A floe passes a little distance away, carrying the figure of a man. He is small, and he is standing still. I do not hear a sound from him. I consider waving but I do not. It passes away into nothing.
A floe passes closer to mine, carrying the figure of a man. This floe is small, and the man unsettles its balance when he moves. He clings to it like a child on a rock in a river. Catch me, he calls, and together we can feed ourselves. I hold my harpoon steadfastly. Hold it out, he calls, to let me climb over. Soon this ice I’m on will disappear. You can make me your husband. We can love each other, at least, before we both die. Hold it out, he calls. I hold my steadfast spear and try to see behind his rimy fur, into his eyes, and he leaps at me but it is too far, and he enters the water two harpoon’s-lengths distant, and sinks like an amulet, and the ice passes away into nothing.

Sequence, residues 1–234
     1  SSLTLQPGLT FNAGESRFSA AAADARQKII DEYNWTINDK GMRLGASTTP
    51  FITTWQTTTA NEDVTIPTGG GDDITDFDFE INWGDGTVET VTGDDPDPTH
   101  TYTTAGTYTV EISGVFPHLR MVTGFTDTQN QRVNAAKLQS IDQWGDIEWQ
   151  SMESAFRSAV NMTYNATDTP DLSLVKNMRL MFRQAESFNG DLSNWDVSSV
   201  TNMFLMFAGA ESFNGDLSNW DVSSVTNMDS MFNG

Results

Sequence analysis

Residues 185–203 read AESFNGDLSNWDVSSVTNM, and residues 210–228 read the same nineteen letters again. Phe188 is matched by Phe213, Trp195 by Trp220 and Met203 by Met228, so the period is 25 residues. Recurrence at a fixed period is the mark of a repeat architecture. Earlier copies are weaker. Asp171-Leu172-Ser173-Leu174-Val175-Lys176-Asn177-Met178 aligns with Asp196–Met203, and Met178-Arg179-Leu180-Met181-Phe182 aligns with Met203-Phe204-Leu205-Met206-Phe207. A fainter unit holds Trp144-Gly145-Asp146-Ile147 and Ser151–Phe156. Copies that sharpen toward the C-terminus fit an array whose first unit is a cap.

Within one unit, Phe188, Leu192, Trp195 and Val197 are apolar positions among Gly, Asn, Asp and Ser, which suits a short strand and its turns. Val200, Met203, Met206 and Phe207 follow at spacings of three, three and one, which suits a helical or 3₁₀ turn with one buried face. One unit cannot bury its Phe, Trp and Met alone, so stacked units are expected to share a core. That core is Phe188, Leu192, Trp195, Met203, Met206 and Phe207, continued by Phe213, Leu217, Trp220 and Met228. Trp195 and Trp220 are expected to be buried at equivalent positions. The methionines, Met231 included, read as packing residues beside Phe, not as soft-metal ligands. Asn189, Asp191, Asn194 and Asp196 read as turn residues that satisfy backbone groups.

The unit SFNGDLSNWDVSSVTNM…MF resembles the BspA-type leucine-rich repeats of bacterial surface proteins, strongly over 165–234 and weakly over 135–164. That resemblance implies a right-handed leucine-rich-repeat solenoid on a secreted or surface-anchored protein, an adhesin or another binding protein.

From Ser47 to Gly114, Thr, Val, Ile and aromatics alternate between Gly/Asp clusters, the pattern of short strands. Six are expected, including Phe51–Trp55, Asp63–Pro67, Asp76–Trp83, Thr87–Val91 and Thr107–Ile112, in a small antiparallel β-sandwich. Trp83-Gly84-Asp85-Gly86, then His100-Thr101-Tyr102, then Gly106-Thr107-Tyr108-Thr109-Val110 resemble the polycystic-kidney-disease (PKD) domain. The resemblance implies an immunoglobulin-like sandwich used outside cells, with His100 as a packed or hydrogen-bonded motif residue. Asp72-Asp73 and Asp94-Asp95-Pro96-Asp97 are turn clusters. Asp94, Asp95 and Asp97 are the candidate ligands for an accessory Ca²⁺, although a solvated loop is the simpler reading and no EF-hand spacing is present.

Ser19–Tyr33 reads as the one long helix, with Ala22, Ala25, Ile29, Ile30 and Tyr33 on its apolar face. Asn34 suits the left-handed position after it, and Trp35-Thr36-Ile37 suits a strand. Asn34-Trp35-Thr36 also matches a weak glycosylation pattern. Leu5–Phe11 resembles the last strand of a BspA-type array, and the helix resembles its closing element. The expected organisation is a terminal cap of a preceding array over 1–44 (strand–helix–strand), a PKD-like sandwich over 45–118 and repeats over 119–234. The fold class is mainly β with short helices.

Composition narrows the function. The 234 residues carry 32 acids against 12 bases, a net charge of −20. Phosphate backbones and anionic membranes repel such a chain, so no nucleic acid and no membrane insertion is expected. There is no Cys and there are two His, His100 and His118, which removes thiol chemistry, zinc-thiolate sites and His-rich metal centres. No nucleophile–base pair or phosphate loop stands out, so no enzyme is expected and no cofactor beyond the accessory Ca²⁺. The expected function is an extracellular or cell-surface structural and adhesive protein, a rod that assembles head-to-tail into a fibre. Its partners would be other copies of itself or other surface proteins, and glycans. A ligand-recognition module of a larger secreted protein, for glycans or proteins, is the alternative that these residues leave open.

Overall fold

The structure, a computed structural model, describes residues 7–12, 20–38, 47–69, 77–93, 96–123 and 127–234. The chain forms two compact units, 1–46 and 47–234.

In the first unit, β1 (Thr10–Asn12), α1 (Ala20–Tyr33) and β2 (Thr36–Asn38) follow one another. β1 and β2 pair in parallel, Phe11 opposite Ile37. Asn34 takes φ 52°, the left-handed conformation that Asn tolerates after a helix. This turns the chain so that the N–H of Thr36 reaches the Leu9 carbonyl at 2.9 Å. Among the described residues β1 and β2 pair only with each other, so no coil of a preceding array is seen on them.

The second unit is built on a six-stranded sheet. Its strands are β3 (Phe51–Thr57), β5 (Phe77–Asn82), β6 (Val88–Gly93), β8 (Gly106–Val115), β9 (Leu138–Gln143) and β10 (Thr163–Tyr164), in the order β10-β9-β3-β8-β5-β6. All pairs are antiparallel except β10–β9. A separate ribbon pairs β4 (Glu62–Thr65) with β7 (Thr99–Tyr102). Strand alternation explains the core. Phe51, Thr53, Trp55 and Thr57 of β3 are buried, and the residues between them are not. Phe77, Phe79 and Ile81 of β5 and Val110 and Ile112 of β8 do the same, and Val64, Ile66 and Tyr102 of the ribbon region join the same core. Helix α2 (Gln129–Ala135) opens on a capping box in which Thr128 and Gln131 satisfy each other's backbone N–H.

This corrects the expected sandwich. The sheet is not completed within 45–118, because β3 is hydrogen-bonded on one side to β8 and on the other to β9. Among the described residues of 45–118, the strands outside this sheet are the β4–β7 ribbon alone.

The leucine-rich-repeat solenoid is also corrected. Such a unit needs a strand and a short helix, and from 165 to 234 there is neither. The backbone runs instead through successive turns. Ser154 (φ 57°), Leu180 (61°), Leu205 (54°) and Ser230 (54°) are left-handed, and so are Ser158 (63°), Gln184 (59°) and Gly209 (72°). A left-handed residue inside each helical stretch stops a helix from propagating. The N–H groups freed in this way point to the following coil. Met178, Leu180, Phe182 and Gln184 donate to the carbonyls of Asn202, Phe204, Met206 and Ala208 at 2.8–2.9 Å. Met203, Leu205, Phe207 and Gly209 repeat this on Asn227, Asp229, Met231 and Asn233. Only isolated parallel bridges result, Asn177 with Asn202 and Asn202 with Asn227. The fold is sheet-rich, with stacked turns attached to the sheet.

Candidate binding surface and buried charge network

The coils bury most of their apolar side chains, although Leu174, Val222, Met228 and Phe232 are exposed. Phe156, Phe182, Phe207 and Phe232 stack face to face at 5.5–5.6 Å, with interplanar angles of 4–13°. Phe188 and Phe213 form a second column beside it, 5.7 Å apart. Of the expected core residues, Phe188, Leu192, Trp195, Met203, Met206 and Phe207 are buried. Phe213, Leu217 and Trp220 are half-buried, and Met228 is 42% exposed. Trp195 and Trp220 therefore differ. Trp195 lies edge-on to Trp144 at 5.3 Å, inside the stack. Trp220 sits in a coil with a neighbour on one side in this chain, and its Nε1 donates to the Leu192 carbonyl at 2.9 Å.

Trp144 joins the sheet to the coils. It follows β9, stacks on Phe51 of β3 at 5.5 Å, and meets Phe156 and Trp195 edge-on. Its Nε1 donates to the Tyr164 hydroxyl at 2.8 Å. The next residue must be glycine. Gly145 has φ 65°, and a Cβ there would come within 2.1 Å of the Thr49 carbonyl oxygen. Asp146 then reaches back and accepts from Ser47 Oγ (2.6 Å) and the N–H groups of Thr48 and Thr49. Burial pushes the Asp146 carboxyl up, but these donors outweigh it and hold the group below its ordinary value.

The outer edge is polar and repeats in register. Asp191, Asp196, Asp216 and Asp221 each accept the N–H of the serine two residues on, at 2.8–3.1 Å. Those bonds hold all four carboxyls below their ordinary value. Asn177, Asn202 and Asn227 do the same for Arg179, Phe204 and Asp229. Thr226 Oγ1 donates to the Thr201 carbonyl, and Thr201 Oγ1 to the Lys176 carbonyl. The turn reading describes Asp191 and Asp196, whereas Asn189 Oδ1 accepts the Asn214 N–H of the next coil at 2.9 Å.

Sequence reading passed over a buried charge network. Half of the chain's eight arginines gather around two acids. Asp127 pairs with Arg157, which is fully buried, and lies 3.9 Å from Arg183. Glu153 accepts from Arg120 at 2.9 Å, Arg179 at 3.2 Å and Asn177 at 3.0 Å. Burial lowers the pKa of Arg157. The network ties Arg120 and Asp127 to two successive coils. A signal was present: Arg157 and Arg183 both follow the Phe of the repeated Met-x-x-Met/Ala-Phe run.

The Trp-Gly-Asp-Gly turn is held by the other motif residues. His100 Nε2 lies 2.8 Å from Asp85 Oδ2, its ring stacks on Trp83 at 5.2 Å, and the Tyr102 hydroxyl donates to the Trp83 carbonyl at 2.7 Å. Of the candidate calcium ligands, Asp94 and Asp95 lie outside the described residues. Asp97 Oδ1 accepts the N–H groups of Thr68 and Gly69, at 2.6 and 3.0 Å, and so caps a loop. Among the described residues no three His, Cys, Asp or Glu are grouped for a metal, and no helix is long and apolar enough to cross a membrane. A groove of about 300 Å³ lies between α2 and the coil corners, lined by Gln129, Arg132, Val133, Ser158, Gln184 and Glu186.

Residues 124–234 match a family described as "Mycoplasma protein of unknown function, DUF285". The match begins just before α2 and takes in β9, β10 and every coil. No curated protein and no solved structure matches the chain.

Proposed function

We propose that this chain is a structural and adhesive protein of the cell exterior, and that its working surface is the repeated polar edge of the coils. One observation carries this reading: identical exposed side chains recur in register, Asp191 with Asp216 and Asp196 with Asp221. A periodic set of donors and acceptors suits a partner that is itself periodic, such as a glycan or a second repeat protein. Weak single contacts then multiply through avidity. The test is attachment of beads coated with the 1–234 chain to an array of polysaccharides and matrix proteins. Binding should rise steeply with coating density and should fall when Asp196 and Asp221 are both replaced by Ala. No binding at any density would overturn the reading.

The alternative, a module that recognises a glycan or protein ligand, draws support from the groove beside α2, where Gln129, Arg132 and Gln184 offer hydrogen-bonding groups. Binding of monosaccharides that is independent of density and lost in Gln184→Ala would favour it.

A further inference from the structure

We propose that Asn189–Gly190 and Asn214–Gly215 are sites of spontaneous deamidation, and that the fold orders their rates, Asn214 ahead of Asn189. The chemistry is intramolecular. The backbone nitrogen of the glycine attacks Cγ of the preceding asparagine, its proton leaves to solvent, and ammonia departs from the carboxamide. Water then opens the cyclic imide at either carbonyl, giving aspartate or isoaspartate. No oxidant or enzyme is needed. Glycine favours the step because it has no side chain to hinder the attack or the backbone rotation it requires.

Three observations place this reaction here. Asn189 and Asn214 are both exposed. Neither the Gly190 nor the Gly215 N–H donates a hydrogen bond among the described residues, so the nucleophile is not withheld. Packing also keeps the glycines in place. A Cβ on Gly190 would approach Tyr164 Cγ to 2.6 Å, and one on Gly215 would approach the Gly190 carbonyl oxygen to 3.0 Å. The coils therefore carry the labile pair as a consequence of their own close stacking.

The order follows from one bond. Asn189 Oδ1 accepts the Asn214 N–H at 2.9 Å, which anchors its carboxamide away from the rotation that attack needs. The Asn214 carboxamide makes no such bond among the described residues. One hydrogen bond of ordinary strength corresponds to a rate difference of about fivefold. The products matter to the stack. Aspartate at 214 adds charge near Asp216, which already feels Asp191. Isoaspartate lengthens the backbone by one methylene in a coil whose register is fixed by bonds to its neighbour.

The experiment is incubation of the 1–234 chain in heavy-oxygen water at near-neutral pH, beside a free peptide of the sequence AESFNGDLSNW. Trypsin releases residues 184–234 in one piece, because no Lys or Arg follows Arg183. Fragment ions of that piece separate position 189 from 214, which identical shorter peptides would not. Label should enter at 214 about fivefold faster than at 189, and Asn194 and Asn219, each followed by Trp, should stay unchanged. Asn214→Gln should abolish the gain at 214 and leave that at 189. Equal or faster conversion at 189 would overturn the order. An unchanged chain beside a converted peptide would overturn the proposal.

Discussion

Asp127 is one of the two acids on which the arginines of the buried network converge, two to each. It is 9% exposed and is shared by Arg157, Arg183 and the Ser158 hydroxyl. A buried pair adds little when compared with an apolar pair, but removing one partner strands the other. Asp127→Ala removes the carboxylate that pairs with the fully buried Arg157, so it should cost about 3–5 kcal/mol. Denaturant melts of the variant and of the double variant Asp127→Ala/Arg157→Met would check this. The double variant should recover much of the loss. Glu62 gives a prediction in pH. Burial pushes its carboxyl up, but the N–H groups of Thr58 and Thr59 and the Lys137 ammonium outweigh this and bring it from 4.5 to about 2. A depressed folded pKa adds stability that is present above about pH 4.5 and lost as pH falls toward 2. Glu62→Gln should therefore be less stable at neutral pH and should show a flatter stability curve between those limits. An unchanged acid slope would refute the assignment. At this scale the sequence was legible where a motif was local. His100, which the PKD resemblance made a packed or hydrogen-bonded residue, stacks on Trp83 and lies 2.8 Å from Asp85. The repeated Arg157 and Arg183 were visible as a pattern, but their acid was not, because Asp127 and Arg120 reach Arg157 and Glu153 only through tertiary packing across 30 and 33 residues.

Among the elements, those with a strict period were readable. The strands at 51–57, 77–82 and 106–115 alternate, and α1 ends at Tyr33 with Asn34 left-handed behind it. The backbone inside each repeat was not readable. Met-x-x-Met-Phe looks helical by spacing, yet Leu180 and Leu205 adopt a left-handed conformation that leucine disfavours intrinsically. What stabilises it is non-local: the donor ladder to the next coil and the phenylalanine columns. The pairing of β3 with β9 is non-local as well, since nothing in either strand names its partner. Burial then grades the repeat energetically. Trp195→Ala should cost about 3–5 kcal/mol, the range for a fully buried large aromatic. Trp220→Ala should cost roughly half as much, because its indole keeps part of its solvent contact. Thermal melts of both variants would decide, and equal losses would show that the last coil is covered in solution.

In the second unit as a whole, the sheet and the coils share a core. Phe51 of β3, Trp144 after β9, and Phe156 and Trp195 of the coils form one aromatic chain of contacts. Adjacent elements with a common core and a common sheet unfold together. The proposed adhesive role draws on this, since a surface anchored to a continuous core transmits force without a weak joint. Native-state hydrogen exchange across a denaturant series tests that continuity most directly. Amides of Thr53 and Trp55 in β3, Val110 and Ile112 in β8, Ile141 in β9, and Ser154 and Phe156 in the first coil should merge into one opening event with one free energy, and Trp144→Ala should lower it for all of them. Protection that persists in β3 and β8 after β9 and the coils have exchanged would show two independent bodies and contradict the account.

A floe passes closer still, carrying the figure of a man. He has a dog sitting quietly beside him. I wave to this man. When will I ever see my family? He calls. When will I ever see my son? I reply, At least you have a dog to hug. My sons will have to learn from another man, he calls. At least your sons will live, I reply, and at least you have a dog to hug. My wife will go to bed with other men, he calls. At least we have this conversation, I say, and at least you have a dog to hug. For a long time our floes are matched in pace. Then they split to circumnavigate an icy island, too far to leap to, and when I pass around it, the man does not.